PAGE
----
Breaking the internet (hotels, guestnet style)

Andrew Cox andrew at
Mon Dec 7 19:24:04 CST 2009

Disclaimer: /I work for a company that provides these services./

IMHO there is no need for any sort of DNS redirection after user 
authentication has taken place.

We of course redirect UDP/TCP 53 to one of our servers along with 80 
(http) 443 (https) 8080, 3128 (proxy) to the local hotspot *before* any 
authentication has occurred, but once this is completed the only reason 
any guest would use the local DNS server is if they were assigned a DHCP 

As far as our Routerboard/Mikrotik setup works, it'll masquerade for any 
non standard IP addresses that appear on the network (guests with static 
ip's assigned, corporate laptops etc) but once again after the 
authentication stage anything is allowed to pass unhindered.

The only redirection that is used after authentication is for port 25 as 
90% of user trying to send mail out via port 25 have no idea how to 
change their mail server, let alone why they might need to.
It can be an issue as some systems use authentication on port 25.

I would be interested to hear what people have to say about this, as the 
only other option I could think of would involve checking the incoming 
connection to see if the end user was trying to authenticate to a mail 
server before determining where to forward the connection onto (Layer 7 
stuff, gets a bit tricky)

Andrew Cox
AccessPlus Head Network Administrator

Jared Mauch wrote:
> On Dec 7, 2009, at 5:29 PM, John Levine wrote:
>>> Will be interesting to see if ISPs respond to a large scale thing like
>>> this taking hold by blocking UDP/TCP 53 like many now do with tcp/25
>>> (albeit for other reasons). Therein lies the problem with some of the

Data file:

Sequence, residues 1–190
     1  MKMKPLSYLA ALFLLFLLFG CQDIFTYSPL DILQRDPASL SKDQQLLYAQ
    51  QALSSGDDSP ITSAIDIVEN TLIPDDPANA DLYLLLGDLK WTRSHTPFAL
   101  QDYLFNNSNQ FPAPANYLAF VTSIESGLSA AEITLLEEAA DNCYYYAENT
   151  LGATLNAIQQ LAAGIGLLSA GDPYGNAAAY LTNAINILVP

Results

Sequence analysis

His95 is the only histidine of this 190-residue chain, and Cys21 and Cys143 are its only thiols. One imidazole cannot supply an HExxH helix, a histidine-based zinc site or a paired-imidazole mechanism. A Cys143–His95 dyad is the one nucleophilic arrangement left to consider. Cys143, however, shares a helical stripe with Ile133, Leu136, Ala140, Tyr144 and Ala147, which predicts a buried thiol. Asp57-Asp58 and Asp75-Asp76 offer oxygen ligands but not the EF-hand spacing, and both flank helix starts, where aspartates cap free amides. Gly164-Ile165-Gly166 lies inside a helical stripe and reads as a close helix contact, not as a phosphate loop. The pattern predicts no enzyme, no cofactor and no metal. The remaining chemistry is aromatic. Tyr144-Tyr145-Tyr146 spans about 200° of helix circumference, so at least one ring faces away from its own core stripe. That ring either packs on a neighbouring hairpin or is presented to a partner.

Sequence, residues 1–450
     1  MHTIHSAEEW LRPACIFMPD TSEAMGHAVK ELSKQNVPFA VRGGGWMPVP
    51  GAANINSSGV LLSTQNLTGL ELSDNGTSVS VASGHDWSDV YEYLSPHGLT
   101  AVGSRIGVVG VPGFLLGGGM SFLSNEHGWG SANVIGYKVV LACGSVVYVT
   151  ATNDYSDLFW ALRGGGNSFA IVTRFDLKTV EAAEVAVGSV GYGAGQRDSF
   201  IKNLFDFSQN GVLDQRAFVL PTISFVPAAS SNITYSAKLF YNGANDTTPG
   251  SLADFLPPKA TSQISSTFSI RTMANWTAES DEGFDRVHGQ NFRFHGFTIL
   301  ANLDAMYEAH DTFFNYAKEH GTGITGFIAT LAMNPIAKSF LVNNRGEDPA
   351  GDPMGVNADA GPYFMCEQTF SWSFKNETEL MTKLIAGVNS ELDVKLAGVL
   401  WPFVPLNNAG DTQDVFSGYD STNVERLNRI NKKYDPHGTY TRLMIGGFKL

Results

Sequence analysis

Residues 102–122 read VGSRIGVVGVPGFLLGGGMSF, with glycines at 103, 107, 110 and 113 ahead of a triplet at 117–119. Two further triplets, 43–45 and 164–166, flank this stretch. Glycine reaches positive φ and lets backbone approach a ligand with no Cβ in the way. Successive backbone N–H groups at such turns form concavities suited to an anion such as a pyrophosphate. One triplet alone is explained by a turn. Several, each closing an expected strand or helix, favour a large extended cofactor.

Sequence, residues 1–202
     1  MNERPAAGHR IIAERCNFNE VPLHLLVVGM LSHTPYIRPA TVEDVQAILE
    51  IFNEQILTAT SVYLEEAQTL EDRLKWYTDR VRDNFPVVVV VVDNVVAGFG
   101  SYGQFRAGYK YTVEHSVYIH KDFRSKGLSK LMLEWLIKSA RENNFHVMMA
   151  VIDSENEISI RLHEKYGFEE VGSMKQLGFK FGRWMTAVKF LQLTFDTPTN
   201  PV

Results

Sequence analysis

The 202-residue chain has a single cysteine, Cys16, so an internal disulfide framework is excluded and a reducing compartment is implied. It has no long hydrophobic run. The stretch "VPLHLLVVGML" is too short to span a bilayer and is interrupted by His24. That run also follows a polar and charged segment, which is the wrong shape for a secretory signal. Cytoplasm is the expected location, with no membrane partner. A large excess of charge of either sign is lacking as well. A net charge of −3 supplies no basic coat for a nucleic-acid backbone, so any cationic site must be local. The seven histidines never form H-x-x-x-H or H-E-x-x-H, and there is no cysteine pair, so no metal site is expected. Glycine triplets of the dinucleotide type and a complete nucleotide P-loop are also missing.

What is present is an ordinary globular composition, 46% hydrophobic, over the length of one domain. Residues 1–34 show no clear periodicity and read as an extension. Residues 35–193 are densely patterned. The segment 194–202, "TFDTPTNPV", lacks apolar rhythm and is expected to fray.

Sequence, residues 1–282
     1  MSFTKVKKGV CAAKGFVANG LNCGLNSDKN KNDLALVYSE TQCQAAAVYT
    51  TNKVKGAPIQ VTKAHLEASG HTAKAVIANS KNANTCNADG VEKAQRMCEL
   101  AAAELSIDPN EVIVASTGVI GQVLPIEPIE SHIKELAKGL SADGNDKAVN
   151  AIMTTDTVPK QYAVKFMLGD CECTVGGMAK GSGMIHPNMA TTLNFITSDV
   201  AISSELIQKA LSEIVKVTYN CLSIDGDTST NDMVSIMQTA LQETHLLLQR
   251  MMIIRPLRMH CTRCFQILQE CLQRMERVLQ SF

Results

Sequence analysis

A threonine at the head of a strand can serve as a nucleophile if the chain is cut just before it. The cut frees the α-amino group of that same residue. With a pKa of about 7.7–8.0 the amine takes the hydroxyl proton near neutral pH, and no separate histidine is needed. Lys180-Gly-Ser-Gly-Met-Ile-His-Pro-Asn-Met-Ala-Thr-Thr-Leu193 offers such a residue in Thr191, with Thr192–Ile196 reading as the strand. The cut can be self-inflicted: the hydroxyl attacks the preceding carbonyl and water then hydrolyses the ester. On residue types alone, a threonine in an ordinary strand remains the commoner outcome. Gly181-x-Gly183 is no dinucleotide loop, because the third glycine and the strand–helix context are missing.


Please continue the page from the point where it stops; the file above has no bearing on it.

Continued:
>>> "net neturality" arguments .. there's a big difference between "doing it
>>> because it causes a problem for others", and "doing it because it robs
>>> me of revenue opportunities".
>> I do hear of ISPs blocking requests to random offsite DNS servers.
>> For most consumer PCs, that's more likely to be a zombie doing DNS
>> hijacking than anything legitimate.  If they happen also to block
>> that's just an incidental side benefit.
> I've found more and more hotel/edge networks blocking/capturing this traffic.
> The biggest problem is they tend to break things horribly and fail things like the
> oarc entropy test.
> They will often also return REFUSED (randomly) to valid well formed DNS queries.
> While I support the capturing of malware compromised machines until they are
> repaired, I do think more intelligence needs to be applied when directing these systems.
> Internet access in a hotel does not mean just UDP/53 to their selected hosts plus TCP/80,
> TCP/443.
> The University of Michigan Hospitals have a guestnet wireless that is ghetto and blocks
> IMAP over SSL.  Attempts to get them to correct this have fallen on deaf ears.  I can't even
> VPN out to work around the sillyness, which typically works in other hotel/guestnet scenarios.
> Providers to avoid: US Signal Corporation. ( was my natted IP in a Hampton Inn depsite whois/swip).
> - Jared

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